Nearly half of consumers have bought products from a disruptor D2C brand. D2C companies are uniquely positioned to effectively establish a close relationship with their consumers, which is perhaps one of the most significant benefits of this strategy. They can leverage their customer relationships to gain increased brand recognition from user buzz, and they can also easily receive and incorporate product feedback. Customers feel a deeper connection and loyalty to DTC brands, and 55% of shoppers prefer to buy from manufacturers rather than middlemen. Buyers appreciate the accurate and thorough product information that DTC’s can provide, and they gain a personalized experience with high quality customer service. Designing limited, perfected product lines is another common strategy for D2C companies. This enables them to invest more in advertising than manufacturing and R&D. Controlled manufacturing and distribution, with few or no middlemen, provides cost savings and draws in sales with the ability to price competitively. Though some companies have struggled, many DTC brands are still highly successful thanks to strategic marketing and positioning.

Brick and Mortar

With higher costs of social media marketing, D2C companies are considering non-digital methods of communication. Brand confidence can be displayed through tangible or physical marketing such as brick and mortar stores. DTC brands can enhance experiential shopping with a pop-up location or flagship store, where consumers can get a physical experience with the brand and test the tangible aspects of the product. Messaging needs to be consistent between a company’s online platforms and brick and mortar locations to keep the brand coherent, but this strategy can be effective in generating online buzz. Enhancing a consumer’s brand perception with an exciting physical experience can sometimes be even more beneficial to customer loyalty than investing in a store location with the purpose of generating sales.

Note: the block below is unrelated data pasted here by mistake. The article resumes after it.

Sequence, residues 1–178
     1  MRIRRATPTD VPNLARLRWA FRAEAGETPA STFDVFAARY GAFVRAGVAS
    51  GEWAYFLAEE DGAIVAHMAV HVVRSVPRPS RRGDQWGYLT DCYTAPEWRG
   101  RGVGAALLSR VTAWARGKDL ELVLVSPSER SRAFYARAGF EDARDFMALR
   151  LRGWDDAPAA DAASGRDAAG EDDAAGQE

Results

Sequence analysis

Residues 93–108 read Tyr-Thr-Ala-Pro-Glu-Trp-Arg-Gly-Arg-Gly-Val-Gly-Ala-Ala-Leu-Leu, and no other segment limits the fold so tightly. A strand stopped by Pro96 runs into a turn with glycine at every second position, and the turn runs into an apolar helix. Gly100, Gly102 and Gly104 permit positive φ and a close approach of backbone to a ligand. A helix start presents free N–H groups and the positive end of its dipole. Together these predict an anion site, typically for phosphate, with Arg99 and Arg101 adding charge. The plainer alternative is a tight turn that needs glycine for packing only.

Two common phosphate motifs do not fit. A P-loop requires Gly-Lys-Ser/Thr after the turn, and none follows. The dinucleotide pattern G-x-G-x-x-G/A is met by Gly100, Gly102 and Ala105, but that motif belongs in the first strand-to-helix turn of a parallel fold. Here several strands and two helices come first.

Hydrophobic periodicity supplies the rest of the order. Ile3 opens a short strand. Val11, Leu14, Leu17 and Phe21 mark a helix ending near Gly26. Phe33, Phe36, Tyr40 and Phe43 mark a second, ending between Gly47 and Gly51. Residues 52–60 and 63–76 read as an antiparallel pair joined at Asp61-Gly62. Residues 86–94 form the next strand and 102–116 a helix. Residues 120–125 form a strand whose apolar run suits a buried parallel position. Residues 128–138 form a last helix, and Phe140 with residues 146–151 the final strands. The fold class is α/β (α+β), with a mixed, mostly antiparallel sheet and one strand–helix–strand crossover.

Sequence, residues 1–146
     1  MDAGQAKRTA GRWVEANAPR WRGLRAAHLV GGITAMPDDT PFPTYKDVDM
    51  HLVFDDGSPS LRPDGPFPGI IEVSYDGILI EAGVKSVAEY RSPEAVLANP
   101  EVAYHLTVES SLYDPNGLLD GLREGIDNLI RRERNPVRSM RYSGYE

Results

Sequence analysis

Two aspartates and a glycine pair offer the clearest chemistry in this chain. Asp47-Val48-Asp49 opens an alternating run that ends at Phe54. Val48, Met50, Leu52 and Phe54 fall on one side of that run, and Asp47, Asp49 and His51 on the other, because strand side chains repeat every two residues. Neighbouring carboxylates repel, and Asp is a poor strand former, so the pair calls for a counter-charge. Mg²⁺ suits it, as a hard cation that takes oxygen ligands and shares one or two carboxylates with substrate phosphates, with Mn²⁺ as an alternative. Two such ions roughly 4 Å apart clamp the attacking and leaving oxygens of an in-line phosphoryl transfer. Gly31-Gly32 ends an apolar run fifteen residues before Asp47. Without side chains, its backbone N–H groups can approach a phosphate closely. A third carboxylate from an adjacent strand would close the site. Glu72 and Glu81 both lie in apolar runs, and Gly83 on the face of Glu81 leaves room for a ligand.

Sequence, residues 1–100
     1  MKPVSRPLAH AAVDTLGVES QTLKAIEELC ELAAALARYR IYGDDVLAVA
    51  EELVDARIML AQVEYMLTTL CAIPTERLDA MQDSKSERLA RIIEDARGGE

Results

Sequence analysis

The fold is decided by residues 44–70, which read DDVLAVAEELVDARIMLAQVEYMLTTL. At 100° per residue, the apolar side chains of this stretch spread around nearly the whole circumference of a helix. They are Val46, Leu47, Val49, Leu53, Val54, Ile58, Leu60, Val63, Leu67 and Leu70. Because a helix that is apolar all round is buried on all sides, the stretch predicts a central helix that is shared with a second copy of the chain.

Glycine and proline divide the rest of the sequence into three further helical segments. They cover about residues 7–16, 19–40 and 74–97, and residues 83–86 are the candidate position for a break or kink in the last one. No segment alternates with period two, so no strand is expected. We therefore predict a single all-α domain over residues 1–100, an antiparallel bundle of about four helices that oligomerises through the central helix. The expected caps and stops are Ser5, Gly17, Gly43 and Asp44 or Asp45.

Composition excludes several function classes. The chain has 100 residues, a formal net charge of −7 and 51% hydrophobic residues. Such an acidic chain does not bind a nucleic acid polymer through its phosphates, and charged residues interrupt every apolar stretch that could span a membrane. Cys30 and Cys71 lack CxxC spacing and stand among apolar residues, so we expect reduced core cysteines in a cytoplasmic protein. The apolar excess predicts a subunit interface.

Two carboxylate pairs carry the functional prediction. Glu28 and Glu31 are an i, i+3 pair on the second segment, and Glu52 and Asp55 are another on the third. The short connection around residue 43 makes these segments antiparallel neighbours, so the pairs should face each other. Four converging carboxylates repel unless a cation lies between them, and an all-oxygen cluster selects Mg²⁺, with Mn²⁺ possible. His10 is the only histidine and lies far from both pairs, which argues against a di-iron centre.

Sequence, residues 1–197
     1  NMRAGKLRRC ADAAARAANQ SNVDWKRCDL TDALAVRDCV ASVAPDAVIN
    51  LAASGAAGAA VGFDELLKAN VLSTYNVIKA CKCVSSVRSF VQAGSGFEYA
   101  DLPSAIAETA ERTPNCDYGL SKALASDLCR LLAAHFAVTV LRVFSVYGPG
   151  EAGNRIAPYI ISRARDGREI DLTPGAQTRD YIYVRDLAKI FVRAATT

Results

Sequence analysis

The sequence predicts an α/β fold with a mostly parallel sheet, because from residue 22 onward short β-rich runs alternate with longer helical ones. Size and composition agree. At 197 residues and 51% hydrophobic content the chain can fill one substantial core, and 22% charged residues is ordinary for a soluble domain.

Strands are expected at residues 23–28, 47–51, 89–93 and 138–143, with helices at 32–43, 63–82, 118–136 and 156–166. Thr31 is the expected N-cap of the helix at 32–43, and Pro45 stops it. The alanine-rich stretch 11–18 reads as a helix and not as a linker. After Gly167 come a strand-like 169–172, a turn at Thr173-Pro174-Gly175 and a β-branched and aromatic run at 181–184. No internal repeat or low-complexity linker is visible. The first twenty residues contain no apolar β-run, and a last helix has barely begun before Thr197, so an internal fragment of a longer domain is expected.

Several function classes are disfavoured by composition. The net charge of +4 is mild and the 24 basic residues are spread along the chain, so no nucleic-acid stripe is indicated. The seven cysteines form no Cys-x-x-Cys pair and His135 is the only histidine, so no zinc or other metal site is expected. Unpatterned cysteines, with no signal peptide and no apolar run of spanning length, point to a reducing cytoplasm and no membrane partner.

Partnerships and Giveaways

One of the main advantages for DTC brands is their ability to control products end-to-end, from design and launch to customer experience and virality. As an organic form of marketing, partnerships between DTC brands can help benefit each other through these processes. DTC companies that find other non-competitor DTC companies with a similar type of customer can most effectively partner in giveaways and in-store experiences. If the partnership is based on store location proximity, special events can dramatically increase foot traffic and therefore brand awareness. Burrow House is one example of this type of partnership- they provide a store location with their furniture and partner with co-working spaces, retailers, and coffee shops to create an opportunity for consumers to interact with the companies. Partnerships with DTC brands who have the same investors or allied executives can go further to create co-branded products or giveaways. Bark and Glossier recently created special edition dog toys that each brand could promote. Giveaways can also increase short-term sales through discounts and limited time offers promoted on partner companies’ digital or physical platforms. Overall, partnerships can be highly valuable in generating unique, personalized organic marketing experiences for customers.

Considerations Moving Forward

In overcoming challenges through strategic marketing with brick and mortar locations and positioning through partnerships, D2C companies should attempt to create a dramatic entry when pursuing new markets. Other successful marketing techniques can include the use of influencers, encouragement of user generated content with coupon codes, referral programs, industry podcasts or educational blogs, and tech for a unique and interactive digital shopping experience. In total, continuing to focus on cost reduction, building customer relationships, and guiding unique experiences will be the key to achieving DTC brand growth and sustainability.

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Contributions by Courtney Loughran.

Tags: Direct-to-Consumer, Consumer Products Trends, eCommerce